Example – Mailchimp


  • Best for attracting early users.
  • Chance of conversion is high.


  • Reduces revenue.
  • Chances of high churn rate.

5. Per-Feature Pricing

Basically, it’s like tiered pricing, but customers pay per feature. it’s a great solution for companies that want to set a flat rate, but don’t want features to go unused. It becomes harder to understand and troubleshoot your service if customers aren’t interacting with all aspects of it.

In general, higher-priced packages include more features than lower-tiered packages. Generally, higher-end packages come with all the features of lower-tiered packages.

For example – Netflix


  • Easily scalable
  • Every feature generates revenue


  • Confusing
  • Difficult to fix pricing

Build your SaaS product in 11 steps. Read more here.

Creating Attractive Packages for Your SaaS Product

When it comes to creating an attractive package for your SaaS product, there are a few key things to keep in mind.

Make sure 👍

  • Pricing is competitive and in line with what other similar products are charging. 
  • Create a package that is simple and easy to understand – potential customers should be able to quickly see the value in what you’re offering. 
  • Consider how you can add additional value to your package through things like discounts, free trials, or other incentives. 

Testing and Iterating Your Pricing Strategy

Building and testing a pricing strategy for your SaaS business is essential to ensure that you are maximizing revenue and profits. There are a few key things to keep in mind when testing and iterating your pricing strategy:

1. Understand your customer’s lifetime value (LTV)

This is the key metric that will determine how much you can charge for your product or service. If your LTV is high, you can charge more since customers are more likely to stick around (and pay more) over the long term.

2. Test different price points

Don’t be afraid to experiment with different prices to see what works best for your business. Remember that you can always adjust prices up or down based on customer feedback and data from your tests.

3. Pay attention to conversion rates

Your pricing strategy should be designed to maximize conversion rates (the percentage of visitors who take the desired action, such as signing up for a free trial or purchasing a subscription). Track this metric closely and make changes to your pricing accordingly.

4. Use A/B testing

A/B testing is an effective way to compare two or more versions of something (such as a pricing page) to see which one performs better. This technique can help you fine-tune your pricing strategy and make continual improvements over time.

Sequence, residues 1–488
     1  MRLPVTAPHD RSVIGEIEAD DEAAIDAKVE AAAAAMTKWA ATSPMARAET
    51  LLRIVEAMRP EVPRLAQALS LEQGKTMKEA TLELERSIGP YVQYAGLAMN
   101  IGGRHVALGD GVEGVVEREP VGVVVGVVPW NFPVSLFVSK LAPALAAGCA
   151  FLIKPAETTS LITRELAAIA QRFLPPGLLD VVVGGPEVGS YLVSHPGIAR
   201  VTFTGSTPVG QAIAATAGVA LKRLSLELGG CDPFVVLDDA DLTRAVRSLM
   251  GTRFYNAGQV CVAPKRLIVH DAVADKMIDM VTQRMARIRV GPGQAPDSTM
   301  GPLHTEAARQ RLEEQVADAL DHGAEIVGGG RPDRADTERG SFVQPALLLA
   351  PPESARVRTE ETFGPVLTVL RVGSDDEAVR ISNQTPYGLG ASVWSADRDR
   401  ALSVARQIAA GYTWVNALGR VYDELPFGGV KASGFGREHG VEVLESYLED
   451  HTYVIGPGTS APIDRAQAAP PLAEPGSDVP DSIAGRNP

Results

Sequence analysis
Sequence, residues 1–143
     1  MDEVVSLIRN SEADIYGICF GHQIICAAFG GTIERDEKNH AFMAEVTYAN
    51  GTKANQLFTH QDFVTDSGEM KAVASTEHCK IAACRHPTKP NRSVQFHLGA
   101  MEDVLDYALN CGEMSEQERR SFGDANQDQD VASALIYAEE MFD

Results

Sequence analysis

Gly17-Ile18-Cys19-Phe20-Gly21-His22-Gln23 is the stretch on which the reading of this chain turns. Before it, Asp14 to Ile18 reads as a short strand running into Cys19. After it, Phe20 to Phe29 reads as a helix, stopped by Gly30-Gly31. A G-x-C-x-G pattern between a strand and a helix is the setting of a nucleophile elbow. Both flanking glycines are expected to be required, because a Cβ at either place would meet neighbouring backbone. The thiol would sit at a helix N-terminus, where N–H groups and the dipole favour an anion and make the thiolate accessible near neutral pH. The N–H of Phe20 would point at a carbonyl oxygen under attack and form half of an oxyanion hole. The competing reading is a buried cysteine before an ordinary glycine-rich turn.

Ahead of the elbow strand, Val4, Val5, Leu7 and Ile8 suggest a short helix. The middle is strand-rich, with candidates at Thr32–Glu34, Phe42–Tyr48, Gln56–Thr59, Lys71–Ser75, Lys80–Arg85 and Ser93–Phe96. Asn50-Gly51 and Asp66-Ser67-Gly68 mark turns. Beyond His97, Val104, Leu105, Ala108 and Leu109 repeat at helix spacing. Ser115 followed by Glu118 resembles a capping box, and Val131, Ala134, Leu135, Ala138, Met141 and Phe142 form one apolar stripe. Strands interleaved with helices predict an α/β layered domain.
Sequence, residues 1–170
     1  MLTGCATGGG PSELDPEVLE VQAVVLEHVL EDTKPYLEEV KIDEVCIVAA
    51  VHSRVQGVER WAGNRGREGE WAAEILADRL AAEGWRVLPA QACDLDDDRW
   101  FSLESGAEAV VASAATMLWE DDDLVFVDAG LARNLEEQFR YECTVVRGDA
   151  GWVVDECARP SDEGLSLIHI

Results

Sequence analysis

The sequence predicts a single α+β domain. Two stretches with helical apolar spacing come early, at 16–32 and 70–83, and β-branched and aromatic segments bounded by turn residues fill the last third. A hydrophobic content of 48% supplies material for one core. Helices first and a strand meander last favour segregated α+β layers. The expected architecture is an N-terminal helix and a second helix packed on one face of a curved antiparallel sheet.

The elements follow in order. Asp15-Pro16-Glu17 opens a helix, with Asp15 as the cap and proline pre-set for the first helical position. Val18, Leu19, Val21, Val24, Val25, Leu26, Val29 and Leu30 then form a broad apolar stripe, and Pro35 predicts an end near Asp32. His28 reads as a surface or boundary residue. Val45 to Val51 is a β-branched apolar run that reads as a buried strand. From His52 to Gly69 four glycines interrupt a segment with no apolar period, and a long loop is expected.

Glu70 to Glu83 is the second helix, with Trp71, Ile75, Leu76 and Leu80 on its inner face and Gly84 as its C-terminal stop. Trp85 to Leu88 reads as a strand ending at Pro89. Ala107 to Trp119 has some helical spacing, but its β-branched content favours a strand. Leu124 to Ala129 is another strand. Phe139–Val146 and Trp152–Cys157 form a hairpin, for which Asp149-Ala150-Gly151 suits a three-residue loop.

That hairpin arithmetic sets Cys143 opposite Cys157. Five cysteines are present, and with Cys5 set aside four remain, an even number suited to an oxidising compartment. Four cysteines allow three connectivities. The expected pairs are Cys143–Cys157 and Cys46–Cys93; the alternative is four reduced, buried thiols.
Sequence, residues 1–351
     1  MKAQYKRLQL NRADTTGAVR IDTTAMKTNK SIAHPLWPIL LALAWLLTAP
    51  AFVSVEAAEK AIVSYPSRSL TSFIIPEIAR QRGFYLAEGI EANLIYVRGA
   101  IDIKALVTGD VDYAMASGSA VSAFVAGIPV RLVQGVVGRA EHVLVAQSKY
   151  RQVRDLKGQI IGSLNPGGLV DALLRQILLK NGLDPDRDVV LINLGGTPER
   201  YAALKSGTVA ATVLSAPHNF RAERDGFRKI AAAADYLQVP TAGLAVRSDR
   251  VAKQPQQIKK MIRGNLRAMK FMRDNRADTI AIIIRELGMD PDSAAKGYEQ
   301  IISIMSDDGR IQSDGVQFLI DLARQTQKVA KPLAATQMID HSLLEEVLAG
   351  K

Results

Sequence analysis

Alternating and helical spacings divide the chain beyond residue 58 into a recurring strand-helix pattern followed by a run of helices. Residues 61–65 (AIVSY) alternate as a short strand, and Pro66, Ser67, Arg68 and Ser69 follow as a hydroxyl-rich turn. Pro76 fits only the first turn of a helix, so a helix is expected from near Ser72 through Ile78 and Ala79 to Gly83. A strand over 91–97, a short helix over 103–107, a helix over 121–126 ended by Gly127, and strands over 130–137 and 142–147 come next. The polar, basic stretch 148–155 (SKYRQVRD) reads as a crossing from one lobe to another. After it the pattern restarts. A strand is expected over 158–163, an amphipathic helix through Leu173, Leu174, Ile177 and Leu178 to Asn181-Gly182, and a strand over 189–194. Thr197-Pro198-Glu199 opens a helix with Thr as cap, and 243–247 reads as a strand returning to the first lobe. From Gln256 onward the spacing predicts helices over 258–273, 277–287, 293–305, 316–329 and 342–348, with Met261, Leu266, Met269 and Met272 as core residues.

By following these tips, you can be sure that you are constantly improving your pricing strategy and giving your SaaS business the best chance at success.

Explore top AI SaaS tools 


When you price your SaaS product, consider two important factors – the value of your product and the real situation of the target market.

Before you go into the SaaS pricing model or strategy, understand the target market and audience. Make it simple and uncomplicated. 

Work on your pricing from time to time. Appropriate pricing is more than revenue, it also determines the company’s value. make sure you create a better pricing strategy. 

Need help building your SaaS product? Reach us now!


How do you define a pricing strategy in SaaS?

A pricing strategy in SaaS is a plan that outlines how a company will charge customers for their software as a service product. It involves determining the optimal price point that balances customer value, competition, and profitability.

What is the best price model for SaaS?

The best price model for SaaS depends on the specific business and target market. Common pricing models include subscription-based pricing, pay-per-use pricing, and freemium pricing.

How do you develop a pricing strategy?

Developing a pricing strategy in SaaS involves researching and analyzing the market, understanding customer needs and preferences, evaluating the competition, determining the value proposition of the product, and experimenting with different pricing models and strategies.

What are the 4 steps to pricing strategy?

The four steps to a pricing strategy are:

a) Research and analyze the market and competition

b) Determine the value proposition of the product or service

c) Experiment with different pricing models and strategies

d) Continuously monitor and adjust pricing based on customer feedback, market changes, and business goals.